A visit to St Govan's Head (about a mile from the village of Bosherston) is well worth the trip. Not only are there fantastic views but at the foot of a cliff a narrow path leads you down to St Govan's Chapel - a 6th century hermit's chapel used by St Govan - an Irish holy man. It's a deeply spiritual place, even if you aren't particularly religious. After the walk you can quench your thirst at The St Govan's Inn (the Adnams is particularly drinkable) or get some hearty food - ideal!
- Hiking and Walking
St. David's and Whitesand Bay...
St. David's is Great Britain's smallest city,( definition being town with a cathedral) and by gum, it is small. You wonder how all the crowds who visit the place manage to find room to manouvre.
St. David is the patron saint of Wales and the founder of the 6thc. monastery which was replaced by today's cathedral. Pilgrimages have always been made here.
Today, festivals are held and the town is crowded with visitors viewing the cathedral.
It is an impressive piece of architecture in pretty surroundings. I remember being very impressed with the ornate ceiling.
The city itself has the odd pub where we had an interesting lunch of buckwheat seafood pancakes. There are some interesting shops and we were lucky? enough to be there when a "seconds" sale was being held in the village hall.
St. David's most popular beach, Whitesands Bay, is just to the north west on the B4583. There is a carpark (charge) and toilets. It's a huge beach with good sand and rolling waves. Popular with fishermen, also, both from the beach and the rocks.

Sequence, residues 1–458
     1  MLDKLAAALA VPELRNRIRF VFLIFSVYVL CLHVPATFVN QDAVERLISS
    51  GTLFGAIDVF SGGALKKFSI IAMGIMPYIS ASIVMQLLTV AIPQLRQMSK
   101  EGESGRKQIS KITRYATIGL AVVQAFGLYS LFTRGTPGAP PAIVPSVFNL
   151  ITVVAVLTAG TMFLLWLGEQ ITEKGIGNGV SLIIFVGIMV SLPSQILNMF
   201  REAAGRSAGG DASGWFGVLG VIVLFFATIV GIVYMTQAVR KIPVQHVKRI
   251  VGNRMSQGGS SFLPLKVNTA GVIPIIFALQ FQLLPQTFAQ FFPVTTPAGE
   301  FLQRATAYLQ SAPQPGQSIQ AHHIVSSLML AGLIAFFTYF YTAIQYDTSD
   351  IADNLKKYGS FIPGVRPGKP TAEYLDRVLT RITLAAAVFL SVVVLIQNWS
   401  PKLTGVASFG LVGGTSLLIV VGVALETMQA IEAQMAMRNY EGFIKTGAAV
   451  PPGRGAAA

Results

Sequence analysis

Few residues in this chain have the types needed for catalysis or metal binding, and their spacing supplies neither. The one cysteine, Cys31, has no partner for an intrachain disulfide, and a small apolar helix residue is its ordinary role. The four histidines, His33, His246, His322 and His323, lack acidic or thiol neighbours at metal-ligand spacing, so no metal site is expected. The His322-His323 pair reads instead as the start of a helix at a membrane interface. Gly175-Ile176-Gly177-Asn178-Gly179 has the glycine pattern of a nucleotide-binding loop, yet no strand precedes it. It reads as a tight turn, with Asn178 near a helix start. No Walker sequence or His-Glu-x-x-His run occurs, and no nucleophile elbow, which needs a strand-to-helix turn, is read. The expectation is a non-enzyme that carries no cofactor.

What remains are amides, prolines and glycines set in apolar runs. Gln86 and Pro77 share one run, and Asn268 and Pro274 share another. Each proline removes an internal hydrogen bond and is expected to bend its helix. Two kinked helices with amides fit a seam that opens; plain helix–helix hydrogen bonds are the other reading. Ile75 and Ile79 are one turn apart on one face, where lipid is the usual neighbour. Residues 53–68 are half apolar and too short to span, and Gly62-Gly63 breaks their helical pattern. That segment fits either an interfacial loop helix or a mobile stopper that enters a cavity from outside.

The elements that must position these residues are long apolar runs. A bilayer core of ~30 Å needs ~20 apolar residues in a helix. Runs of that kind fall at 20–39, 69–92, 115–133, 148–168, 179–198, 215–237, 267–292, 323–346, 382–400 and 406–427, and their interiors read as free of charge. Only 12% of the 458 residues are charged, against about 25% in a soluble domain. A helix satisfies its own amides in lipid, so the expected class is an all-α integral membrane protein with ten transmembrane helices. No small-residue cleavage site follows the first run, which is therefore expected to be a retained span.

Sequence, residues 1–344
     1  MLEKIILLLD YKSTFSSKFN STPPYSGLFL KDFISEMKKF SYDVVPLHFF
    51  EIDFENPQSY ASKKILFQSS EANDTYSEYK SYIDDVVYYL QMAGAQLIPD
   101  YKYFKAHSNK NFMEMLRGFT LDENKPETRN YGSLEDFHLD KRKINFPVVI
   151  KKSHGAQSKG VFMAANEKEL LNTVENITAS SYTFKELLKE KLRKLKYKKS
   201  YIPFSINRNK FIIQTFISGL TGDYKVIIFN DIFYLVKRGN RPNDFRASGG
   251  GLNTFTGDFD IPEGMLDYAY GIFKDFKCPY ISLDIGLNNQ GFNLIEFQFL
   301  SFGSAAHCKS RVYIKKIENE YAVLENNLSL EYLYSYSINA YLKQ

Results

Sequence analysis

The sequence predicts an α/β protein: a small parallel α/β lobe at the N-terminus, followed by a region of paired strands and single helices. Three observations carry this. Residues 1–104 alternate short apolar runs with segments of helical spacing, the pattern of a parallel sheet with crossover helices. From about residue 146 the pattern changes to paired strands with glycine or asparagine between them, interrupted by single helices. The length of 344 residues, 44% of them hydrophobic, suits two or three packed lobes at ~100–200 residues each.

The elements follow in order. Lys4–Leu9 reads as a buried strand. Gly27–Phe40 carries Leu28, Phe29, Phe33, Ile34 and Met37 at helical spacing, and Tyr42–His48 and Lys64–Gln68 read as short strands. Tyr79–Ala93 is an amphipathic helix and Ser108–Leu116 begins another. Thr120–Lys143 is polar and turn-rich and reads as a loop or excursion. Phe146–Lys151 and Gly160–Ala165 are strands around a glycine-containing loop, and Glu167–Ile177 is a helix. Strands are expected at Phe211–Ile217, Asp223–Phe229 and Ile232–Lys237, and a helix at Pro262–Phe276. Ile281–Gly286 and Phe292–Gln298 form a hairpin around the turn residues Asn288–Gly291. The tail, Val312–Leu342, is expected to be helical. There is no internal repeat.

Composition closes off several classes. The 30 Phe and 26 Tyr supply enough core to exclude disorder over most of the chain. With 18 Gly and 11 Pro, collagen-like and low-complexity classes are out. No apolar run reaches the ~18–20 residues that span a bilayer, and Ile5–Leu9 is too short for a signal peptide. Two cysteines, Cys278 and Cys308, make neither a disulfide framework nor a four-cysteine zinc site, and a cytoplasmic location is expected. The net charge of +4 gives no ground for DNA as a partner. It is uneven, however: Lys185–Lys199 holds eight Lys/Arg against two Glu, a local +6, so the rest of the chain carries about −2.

A mile or two to the west is St. Justinian, nothing more than a lifeboat station when we last visited. From here, there are boat trips to nearby Ramsey Island.
Just south of St. David's is St. Non'sBay, apparently where St. Non gave birth to St. David.
To the east of here is Carfai Bay, another of St. David's fine beaches. See tips.
- Religious Travel
St. Brides' Haven
A pretty, tiny cove with great rock pools to poke about in. There is no sand at high tide, you must retreat to the rocks at the back of the cove.
There is a church and cemetery here, hence the name of the place?? and also an old lime kiln.
Parking is extremely limited at the end of a very narrow road.
Again, we tried our hand at fishing only to be disappointed once again. We were beginning to wonder if there were any fish left in the sea around Pembrokeshire.
I actually went swimming here, which wasn't a bad experience.
Make sure you come armed with a bucket to contain all your "finds" from the rock pools!
- Family Travel
A real surfers' beach, so popular at all times. Not to be confused with Freshwater East, which is totally ruined with hundreds of static caravans.
Backed by extensive sand-dunes Freshwater West is also a great family beach. It is also pretty exposed, I guess the surfing waves have to come from somewhere!!
The B4319 runs immediately behind so don't leave children unattended.
We stopped to have a look at a thatched hut above the beach. This was a lavabread (common Welsh seaweed delicasy) drying house. I believe it has been renovated now.
Parking on the roadside and carpark. There are toilets here.
- Family Travel
Actually, I can't say that I was that impressed with the beach, here. It wasn't all sand, there was plenty of shingle and a few rocky patches.
It's nicely situated in a sort of valley with the castle behind but it is very popular and parking can be difficult (at peak times) and expensive. And then if you want to see the castle, that's extra as well.